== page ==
Will the Surface Duo’s Stunning Design Be What Holds It Back?

Will the Surface Duo’s Stunning Design Be What Holds It Back?

Past Surface launches give us insight into where the Duo can go from here

Microsoft’s first smartphone in years comes with a plethora of surprising facts. First, it runs Android making it the very first Microsoft hardware device not running a Microsoft operating system. Second, it's a dual-screen device at a time when most manufacturers are trying to innovate with folding screens. Third, it comes with notable omissions such as lacking NFC, wireless charging and multi-camera setup. Lastly, it does all this for the price of $1,400. That’s a decidedly flagship price for a phone missing some crucial flagship specifications.

Of course, the Duo is also no ordinary phone. Early reviews of the Surface Duo’s unique dual-screen hardware have been incredibly positive, with many reviewers noting its impressively thin design and smooth 360-degree hinge. However, reviewers have been instructed not to review the device turned on just yet and that’s understandable considering the Duo’s numerous limitations will become clear once it’s actually being used as a phone.

Will Microsoft be able to continue evolving this form factor with better components like a better camera and bigger battery without making it significantly thicker? If you take the position that this first-generation Surface Duo is about laying out a vision that Microsoft will further refine, there are two existing Surface devices that can serve as examples of how this might play out. The Surface Pro and Surface Book, two devices that blur the lines between laptop and tablet, both represent some of Microsoft’s strongest innovation with new form factors and although one has gone on to achieve success, the other presents a cautionary tale.

Surface Pro: third time’s a charm

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The first-generation Surface Pro. Photo courtesy of Microsoft.

The Surface Pro was initially launched as a niche prosumer counterpart to Microsoft’s ill-fated ARM-based Surface RT tablet. Where the Surface RT was essentially designed to target the iPad and was restricted to running tablet-oriented apps from the Windows Store, the Surface Pro had a full Intel processor and ran Windows 8 Pro, meaning it could run any Windows app you could throw at it.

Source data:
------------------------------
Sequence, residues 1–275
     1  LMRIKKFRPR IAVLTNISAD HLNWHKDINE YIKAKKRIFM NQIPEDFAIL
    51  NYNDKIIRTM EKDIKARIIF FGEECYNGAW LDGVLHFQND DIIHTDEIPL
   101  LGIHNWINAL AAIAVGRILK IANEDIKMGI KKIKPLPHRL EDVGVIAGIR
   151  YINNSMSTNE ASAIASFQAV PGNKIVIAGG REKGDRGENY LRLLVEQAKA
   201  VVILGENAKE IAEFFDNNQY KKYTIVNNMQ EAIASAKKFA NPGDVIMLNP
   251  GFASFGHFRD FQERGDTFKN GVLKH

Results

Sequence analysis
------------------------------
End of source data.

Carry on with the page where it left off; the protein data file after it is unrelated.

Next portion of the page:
Of course, Microsoft’s big marketing push was with the Surface RT and at the time, the Pro quietly sat in the background as people tried to understand what this more expensive device was trying to be. Sure, it was much more powerful than the Surface RT but having full PC internals also meant the device was incredibly thick and heavy. It was therefore too uncomfortable to use as a tablet and despite being able to tackle anything a laptop could, its small screen and inability to be used comfortably on your lap meant it also didn’t handle being a laptop very well.

It wasn’t until the Surface Pro 3 that the entire vision of the Surface Pro-line became clear. Rather than the original Surface-line’s target of competing directly with the iPad, the Surface Pro would create its own category entirely of a tablet that could be your laptop. The Pro 3 brought a fully flexible kickstand that could be adjusted to any position, a larger screen, a magnetically angled keyboard and a much thinner form factor that more perfectly balanced the Pro’s tablet and laptop credentials. What resulted was a tablet that, with its optional (but necessary) Type Cover magnetic keyboard attachment, could transform into a credible laptop while retaining the full flexibility of being a tablet.

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The Surface Pro 3 finally perfected the hybrid tablet-laptop form factor. Photo courtesy of Microsoft.

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